This video delivers what it promises: it provides an energizing yoga practice to wake you up in the morning or to refresh you at any time of the day. The workout begins with gentle, non-yoga stretches focused on increasing the blood flow to various parts of the body. Instructor Hemalaya also incorporates a few exercises not generally found on other yoga tapes: she engages in both brief chanting and "energized breathing." The main section of this practice consists of a series of sun salutations; each series becomes a bit more challenging, eventually incorporating standing poses. The practice ends with a relaxation which includes a few additional "omm" chants.
The music on this video is quiet and pleasant with sort of a tribal theme (similar to Minna Lessig's "Strength and Grace"), and the studio setting is designed to look like a comfy loft apartment. Despite some minor instructional flaws, this is an enjoyable yoga practice which provides a nice change from some of the other available videos.
Hemalaya has a pleasant voice and offers good general instruction, but there are two main problems with her cuing: 1) her voice over instructions are often out of sync with her camera performance of the poses, and 2) when she cues right and left, she is inconsistent about using mirrored instructions.
Beth (aka toaster)
December 15, 2003
Iím reviewing this workout after doing it a couple of times in the year and a half or so Iíve had it.
General workout breakdown: This yoga workout lasts about 30 minutes. Hemalaya begins with chanting Om in seated position, with some gentle stretches and breathing exercisers, before gradually moving up to standing with moves meant to invigorate. She then proceeds through a few rounds of sun salutations with some other standing poses, like side angle, before moving back to the mat for seated twists, a very short savasana, and some final Oms. Hemalaya moves deliberately through the postures rather than rushing them.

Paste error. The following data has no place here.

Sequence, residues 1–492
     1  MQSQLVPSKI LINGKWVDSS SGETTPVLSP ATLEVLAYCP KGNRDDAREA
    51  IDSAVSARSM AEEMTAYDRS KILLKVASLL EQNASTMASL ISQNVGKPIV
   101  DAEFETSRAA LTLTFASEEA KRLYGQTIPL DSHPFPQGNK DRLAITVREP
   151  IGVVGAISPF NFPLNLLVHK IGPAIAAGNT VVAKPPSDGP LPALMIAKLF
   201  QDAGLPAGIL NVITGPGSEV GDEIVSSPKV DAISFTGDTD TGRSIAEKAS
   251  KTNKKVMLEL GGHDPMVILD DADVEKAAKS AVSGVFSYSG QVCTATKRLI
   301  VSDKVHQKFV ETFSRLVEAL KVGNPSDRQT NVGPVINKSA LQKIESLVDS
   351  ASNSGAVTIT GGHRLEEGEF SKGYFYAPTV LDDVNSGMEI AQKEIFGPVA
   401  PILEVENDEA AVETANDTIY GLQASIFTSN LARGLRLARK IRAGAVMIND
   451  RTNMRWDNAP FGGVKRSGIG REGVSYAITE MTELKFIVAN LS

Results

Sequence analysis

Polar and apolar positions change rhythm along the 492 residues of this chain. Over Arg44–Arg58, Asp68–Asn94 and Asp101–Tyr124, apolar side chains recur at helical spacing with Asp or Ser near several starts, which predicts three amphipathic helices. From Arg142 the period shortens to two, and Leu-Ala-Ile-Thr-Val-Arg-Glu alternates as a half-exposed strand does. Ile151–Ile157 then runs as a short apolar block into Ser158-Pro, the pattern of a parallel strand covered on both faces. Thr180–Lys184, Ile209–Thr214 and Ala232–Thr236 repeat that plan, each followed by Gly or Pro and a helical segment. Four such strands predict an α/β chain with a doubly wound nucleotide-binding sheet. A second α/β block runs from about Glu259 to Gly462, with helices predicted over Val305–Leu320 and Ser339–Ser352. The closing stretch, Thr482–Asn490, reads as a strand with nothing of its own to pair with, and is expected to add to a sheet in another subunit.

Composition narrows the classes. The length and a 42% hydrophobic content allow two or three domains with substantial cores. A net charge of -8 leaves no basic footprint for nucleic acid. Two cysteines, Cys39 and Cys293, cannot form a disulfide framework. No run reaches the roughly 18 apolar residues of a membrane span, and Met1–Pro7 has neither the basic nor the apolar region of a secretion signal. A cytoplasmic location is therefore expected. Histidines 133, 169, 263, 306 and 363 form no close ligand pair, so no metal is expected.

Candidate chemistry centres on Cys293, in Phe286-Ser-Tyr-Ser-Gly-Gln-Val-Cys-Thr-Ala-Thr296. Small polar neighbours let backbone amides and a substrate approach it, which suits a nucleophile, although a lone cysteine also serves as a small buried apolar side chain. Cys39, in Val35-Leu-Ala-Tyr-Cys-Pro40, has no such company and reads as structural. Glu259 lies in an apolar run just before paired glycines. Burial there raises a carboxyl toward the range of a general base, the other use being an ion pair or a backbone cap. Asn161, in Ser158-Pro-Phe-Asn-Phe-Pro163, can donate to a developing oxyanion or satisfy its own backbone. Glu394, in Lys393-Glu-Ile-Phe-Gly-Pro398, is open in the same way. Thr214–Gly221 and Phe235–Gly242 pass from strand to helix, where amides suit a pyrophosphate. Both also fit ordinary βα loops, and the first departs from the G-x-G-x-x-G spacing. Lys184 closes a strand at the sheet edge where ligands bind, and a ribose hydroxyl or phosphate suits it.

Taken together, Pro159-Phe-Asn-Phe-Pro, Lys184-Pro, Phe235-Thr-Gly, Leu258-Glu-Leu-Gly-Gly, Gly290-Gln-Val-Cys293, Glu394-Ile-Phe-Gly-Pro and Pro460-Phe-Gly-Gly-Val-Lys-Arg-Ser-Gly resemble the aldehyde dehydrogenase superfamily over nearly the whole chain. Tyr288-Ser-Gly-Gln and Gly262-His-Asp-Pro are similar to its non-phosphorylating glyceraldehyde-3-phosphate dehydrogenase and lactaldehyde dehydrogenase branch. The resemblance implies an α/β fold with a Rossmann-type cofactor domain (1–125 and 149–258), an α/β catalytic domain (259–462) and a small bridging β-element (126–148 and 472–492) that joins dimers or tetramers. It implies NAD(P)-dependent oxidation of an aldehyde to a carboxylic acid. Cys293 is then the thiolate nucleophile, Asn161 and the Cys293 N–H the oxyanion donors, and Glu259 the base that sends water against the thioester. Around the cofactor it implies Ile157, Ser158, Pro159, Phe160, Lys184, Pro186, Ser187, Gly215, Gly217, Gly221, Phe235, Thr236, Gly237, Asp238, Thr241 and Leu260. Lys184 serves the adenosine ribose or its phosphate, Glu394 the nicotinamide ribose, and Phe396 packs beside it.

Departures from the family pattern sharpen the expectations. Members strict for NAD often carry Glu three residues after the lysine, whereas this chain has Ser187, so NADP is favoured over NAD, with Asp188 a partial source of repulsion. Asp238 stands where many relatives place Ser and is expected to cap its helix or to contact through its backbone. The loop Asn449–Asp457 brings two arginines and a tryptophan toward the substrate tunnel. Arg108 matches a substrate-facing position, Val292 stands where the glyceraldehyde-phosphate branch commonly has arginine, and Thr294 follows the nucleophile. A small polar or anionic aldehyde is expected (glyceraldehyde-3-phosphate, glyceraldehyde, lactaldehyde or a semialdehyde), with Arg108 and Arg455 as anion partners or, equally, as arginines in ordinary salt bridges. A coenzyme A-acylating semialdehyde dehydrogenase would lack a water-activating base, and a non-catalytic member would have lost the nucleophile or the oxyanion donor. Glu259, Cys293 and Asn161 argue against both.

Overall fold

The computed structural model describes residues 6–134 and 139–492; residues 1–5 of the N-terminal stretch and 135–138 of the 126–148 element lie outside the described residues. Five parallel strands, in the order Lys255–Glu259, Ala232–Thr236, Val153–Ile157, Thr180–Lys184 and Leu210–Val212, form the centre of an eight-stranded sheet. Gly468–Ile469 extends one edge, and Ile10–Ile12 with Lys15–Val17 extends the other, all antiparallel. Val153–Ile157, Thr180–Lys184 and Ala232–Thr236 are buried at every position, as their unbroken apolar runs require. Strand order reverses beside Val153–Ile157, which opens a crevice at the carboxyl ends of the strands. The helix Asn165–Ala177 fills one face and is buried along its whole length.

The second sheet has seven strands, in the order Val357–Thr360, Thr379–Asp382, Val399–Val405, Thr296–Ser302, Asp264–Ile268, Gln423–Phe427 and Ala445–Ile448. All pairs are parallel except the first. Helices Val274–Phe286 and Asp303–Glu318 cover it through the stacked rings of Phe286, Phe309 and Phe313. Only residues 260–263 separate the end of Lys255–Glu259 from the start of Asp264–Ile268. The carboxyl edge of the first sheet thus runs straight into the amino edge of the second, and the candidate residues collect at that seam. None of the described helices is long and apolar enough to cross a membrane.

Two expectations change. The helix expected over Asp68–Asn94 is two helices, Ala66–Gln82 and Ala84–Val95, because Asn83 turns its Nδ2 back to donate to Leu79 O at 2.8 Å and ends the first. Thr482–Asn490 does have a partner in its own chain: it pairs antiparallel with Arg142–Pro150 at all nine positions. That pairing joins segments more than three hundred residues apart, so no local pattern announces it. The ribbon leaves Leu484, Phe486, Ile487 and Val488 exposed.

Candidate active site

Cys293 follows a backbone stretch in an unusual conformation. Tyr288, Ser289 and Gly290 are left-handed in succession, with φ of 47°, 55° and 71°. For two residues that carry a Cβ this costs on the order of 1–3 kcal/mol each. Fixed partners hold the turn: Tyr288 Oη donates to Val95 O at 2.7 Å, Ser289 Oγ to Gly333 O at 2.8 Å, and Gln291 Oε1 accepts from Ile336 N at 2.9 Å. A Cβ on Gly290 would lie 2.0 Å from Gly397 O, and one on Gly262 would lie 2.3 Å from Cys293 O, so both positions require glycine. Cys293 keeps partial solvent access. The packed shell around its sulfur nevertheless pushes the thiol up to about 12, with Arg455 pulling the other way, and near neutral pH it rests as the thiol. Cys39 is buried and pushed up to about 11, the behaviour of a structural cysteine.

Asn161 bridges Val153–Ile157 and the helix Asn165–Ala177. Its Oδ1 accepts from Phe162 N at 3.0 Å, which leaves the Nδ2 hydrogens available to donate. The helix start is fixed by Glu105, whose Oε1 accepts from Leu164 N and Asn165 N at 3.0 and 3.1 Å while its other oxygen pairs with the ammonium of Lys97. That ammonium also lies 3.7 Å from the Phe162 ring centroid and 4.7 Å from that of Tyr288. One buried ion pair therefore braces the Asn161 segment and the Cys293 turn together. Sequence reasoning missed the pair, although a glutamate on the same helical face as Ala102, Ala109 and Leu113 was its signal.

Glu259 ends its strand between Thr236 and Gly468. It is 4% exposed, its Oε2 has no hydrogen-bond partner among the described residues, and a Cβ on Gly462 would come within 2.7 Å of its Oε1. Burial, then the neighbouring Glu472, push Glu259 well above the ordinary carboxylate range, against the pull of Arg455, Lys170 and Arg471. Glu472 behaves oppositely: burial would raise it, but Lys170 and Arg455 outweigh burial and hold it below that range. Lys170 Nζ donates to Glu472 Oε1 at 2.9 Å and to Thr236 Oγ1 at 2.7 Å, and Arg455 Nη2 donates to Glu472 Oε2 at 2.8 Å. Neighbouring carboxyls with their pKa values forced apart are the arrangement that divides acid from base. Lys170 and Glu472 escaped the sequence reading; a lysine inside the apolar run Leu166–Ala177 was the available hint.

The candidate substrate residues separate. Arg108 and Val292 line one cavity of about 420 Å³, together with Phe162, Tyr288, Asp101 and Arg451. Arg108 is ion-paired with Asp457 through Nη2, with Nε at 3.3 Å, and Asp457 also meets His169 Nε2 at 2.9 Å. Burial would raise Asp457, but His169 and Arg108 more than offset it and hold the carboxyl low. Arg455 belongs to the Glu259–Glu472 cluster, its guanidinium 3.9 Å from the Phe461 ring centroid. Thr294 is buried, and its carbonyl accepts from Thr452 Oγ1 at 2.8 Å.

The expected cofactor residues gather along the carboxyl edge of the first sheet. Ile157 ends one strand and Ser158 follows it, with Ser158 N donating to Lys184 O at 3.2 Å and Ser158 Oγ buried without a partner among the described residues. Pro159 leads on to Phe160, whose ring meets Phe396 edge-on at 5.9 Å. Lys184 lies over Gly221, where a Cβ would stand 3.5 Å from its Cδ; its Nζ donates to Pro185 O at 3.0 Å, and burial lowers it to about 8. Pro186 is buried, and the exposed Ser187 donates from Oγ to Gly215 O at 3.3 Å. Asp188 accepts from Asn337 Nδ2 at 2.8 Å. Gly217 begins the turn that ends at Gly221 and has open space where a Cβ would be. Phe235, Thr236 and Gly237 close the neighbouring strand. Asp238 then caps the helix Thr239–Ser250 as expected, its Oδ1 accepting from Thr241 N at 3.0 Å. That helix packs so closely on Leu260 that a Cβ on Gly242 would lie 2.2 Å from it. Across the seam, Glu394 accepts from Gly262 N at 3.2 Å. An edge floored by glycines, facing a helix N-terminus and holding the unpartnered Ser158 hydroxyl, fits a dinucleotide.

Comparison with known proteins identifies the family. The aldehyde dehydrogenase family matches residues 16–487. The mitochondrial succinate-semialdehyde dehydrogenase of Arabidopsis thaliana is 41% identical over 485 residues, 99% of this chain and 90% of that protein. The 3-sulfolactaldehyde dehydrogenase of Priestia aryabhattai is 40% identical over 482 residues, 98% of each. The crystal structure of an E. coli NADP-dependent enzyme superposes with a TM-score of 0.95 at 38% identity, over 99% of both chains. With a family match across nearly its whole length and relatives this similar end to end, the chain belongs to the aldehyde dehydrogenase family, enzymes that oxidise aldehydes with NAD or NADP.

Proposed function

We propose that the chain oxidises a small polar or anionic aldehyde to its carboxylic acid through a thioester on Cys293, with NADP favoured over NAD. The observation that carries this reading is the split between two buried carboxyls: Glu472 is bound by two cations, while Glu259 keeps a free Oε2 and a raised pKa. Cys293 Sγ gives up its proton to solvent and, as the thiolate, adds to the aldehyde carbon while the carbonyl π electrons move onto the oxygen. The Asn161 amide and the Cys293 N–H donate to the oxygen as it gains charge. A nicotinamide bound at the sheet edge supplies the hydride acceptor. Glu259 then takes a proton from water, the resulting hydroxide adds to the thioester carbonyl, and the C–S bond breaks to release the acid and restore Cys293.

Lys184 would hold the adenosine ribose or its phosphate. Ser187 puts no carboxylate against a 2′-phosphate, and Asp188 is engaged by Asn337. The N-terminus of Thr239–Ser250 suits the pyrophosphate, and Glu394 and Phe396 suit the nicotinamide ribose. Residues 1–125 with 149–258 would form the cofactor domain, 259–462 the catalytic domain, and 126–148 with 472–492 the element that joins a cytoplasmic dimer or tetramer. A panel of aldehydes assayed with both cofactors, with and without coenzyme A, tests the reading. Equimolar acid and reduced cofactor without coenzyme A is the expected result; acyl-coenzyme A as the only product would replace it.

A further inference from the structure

Level: Iíd recommend this to an experienced beginner (with some strength and flexibility) through a low intermediate in yoga, since Hemalaya doesnít include much in the way of form instruction, form tips, or modifications. I flatter myself by saying I'm a low intermediate; I'm still working on flexibility and strength after 3+ years of yoga and am just starting to work up towards intermediate moves like handstand, headstand, crow, etc. I find this practice appropriate for my abilities.
Class: Hemalaya alone, with instruction via voiceover.
Music: upbeat instrumental music; I agree with Beth that itís kind of tribal.
Set: Hemalayaís in what looks like an apartment, with a large window, brick walls, hardwood floors, and IKEA furniture.
Production: the usual crisp picture and sound from Natural Journeys. The camera angles are generally helpful, but the voiceover doesnít always match up with the moves.
Equipment: sticky mat (or equivalent). Hemalaya is barefoot.
Space Requirements: enough room to lie with your arms and legs extended and some space to the sides.
DVD Notes: The DVD contains Morning Quickie, Evening Bath, and Daily Connection. The main menu asks to select the Intro; AM, PM, or Main workouts; or the Breathing (3 part, ujjai, kapalabati, or energized breathing) or Instructional tutorials (down dog, cobra, spinal twist, spinal lift = bridge, shoulder stance, reverse pose = modified shoulderstand, boat, eagle, warrior, triangle, reverse prayer, or tree). The Quickie routine has seven chapters, a couple of which drop you right in the middle of poses.
Conclusion: This is a nice routine, but for whatever reason I just donít find myself reaching for it. The versatility of the DVD is nice, though. If you like this video, definitely check out Hemalayaís Yoga for Young Bodies, which has another routine like this on it.
Hemalaya has a nice voice and her own names for poses (e.g. plow for lunge and triangle for side angle), and as Beth mentioned her cueing of left and right is inconsistent.
March 17, 2006